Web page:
Research provides genetic insights into the chrysanthemum’s architectural elegance

Flower power: Genetic insights into the chrysanthemum's architectural elegance
Overexpression of ClNAM caused: (A–B) a significant increase in the number of capitulum on top of plants. (C) developmental delayed ray floret corolla and elongated disk corolla. (D) changes in the receptacle morphology of the C. lavandulifolium and a decrease in the area of receptacle. (E) shortened ray floret corolla and elongated disk corolla. (F–G) change in the length of both types of florets with the position. (H–I) change in the number of both types of florets with the position height. Credit: Horticulture Research (2024). DOI: 10.1093/hr/uhae039

Chrysanthemums, admired globally for their intricate capitulum structures, have posed a genetic puzzle for scientists and horticulturists. The genetic mechanisms that dictate their development have been largely unknown, limiting the ability to selectively breed chrysanthemums for enhanced traits. This gap in knowledge has underscored the necessity for a focused genetic investigation to facilitate the cultivation of chrysanthemums with desired characteristics.

A collaborative effort by the Beijing Forestry University’s School of Landscape Architecture has yielded a study on the genetic architecture of chrysanthemum inflorescence. Their findings, published in Horticulture Research on February 22, 2024, detail the role of the cla-miR164-NO APICAL MERISTEM (ClNAM) gene in shaping the flower’s complex structure, marking a step forward in floral genetic research.

The study offers a detailed examination of the ClNAM gene’s regulatory influence on the inflorescence of Chrysanthemum lavandulifolium. A key finding was the gene’s central role within a broader genetic regulatory network. Overexpression of ClNAM was shown to hasten the initiation of floral primordium, leading to changes in receptacle morphology and a reduction in floret count.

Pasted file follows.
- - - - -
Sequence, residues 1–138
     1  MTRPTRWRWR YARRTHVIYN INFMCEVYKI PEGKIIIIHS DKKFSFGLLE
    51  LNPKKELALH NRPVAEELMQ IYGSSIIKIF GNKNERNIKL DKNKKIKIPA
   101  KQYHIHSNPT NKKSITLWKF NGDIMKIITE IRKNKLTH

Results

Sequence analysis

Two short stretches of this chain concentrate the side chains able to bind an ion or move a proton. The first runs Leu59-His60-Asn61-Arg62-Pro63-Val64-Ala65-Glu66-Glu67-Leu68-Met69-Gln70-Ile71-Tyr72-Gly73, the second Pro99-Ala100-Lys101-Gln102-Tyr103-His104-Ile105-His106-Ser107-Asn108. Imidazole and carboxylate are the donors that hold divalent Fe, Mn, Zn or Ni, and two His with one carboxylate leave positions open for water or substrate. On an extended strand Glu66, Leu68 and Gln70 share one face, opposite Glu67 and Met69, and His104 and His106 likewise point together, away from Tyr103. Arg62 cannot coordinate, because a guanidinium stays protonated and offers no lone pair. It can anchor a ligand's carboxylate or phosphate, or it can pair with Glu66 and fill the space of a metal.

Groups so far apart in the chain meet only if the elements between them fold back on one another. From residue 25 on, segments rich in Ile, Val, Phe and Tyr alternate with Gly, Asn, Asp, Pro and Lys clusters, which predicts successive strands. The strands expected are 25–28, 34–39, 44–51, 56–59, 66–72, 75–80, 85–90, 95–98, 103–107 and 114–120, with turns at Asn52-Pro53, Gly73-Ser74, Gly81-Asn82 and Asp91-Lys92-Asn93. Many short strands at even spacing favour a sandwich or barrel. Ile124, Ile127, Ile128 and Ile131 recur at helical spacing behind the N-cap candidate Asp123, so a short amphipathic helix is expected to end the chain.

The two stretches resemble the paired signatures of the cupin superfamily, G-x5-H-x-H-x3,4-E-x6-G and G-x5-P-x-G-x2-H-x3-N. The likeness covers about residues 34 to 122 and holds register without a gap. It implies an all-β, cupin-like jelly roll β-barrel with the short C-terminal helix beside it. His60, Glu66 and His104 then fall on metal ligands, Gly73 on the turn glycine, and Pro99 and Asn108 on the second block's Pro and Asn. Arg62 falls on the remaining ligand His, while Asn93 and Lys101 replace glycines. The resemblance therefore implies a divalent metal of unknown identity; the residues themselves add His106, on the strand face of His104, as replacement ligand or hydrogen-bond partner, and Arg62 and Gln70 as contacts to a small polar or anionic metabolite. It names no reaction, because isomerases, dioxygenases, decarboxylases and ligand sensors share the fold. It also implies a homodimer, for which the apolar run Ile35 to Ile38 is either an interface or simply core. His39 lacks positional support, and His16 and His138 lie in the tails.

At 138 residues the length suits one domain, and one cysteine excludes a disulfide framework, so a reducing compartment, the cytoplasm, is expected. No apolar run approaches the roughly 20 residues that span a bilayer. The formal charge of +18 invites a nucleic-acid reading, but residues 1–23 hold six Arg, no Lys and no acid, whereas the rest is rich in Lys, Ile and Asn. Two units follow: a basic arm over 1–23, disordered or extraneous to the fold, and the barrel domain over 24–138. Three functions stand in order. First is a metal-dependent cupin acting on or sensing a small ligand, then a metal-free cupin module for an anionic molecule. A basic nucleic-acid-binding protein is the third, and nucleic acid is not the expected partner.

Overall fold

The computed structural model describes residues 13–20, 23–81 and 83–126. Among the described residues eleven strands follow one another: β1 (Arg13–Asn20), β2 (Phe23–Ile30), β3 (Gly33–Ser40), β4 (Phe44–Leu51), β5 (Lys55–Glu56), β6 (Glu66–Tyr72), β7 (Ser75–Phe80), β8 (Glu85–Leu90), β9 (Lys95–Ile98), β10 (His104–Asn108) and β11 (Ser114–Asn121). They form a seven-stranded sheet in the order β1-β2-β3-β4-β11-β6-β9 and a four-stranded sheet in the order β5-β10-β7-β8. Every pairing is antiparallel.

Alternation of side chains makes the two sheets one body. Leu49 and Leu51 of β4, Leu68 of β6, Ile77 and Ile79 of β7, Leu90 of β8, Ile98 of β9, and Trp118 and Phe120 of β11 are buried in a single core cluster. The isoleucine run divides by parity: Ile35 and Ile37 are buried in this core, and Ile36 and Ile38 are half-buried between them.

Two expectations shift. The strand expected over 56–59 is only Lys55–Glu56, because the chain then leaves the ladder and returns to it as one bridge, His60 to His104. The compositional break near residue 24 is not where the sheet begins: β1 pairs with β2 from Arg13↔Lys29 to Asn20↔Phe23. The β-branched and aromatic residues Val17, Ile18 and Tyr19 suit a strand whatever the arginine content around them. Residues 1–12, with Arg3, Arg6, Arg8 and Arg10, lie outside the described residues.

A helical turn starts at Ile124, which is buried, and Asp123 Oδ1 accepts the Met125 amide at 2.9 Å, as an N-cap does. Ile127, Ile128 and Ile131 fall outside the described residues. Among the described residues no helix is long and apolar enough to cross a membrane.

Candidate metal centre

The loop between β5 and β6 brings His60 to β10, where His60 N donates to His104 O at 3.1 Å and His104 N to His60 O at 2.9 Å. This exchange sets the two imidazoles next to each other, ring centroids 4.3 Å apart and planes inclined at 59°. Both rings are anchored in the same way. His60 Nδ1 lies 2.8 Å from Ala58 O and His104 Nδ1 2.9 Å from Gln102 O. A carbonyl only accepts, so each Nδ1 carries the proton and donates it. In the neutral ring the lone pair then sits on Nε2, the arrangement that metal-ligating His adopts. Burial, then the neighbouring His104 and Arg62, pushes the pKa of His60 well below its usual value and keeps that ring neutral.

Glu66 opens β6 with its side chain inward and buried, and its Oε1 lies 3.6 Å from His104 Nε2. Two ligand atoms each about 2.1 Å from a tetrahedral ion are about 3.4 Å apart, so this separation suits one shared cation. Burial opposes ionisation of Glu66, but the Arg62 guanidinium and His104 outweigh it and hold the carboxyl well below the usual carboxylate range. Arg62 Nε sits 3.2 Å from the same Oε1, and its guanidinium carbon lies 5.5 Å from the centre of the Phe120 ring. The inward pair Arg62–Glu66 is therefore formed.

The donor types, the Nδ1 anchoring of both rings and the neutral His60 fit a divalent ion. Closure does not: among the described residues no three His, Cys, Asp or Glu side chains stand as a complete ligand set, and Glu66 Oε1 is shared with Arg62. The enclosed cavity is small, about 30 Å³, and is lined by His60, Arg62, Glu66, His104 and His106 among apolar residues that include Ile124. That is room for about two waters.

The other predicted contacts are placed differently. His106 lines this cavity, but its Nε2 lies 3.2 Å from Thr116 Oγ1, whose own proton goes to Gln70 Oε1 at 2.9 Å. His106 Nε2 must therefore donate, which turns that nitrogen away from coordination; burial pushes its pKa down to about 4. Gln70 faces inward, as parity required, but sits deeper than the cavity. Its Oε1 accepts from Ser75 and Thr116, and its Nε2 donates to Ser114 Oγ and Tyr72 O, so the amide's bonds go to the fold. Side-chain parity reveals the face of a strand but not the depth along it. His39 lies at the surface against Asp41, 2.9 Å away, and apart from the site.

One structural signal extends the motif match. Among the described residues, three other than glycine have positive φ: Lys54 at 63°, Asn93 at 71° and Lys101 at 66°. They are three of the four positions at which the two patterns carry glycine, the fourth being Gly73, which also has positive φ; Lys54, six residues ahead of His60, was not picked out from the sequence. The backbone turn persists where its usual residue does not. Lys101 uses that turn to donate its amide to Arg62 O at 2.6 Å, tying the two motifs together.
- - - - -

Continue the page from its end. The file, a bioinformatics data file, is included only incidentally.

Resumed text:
This manipulation also resulted in a decrease in ray floret corolla length and an increase in disk floret elongation, highlighting ClNAM ‘s impact on floral organ development. Additionally, the study revealed that ClNAM is targeted by the microRNA cla-miR164, indicating a complex post-transcriptional regulation mechanism.

These discoveries shed light on the genetic pathways that govern the chrysanthemum’s inflorescence, presenting opportunities for precision breeding and genetic enhancement.

Dr. Silan Dai, the senior author and an expert in plant molecular genetics, says, “Our research harnesses the power of genetic inquiry to demystify and manipulate plant development. The ClNAM gene’s regulatory network is a monumental discovery and a versatile tool for pioneering breeding programs designed to amplify the chrysanthemum’s innate splendor and variety.”

The study’s findings are set to transform the horticultural industry, providing a genetic roadmap for developing chrysanthemum varieties with tailored inflorescence features. This breakthrough may enable the cultivation of plants for specific uses, from decorative florals to landscape design.

Additionally, understanding ClNAM ‘s regulatory role could extend to other plant species, offering broader applications in agriculture and deepening our knowledge of plant development for conservation and scientific advancement.

More information:
Junzhuo Li et al, cla-miR164-NO APICAL MERISTEM (ClNAM) regulates the inflorescence architecture development of Chrysanthemum lavandulifolium, Horticulture Research (2024). DOI: 10.1093/hr/uhae039

Research provides genetic insights into the chrysanthemum’s architectural elegance (2024, June 6)
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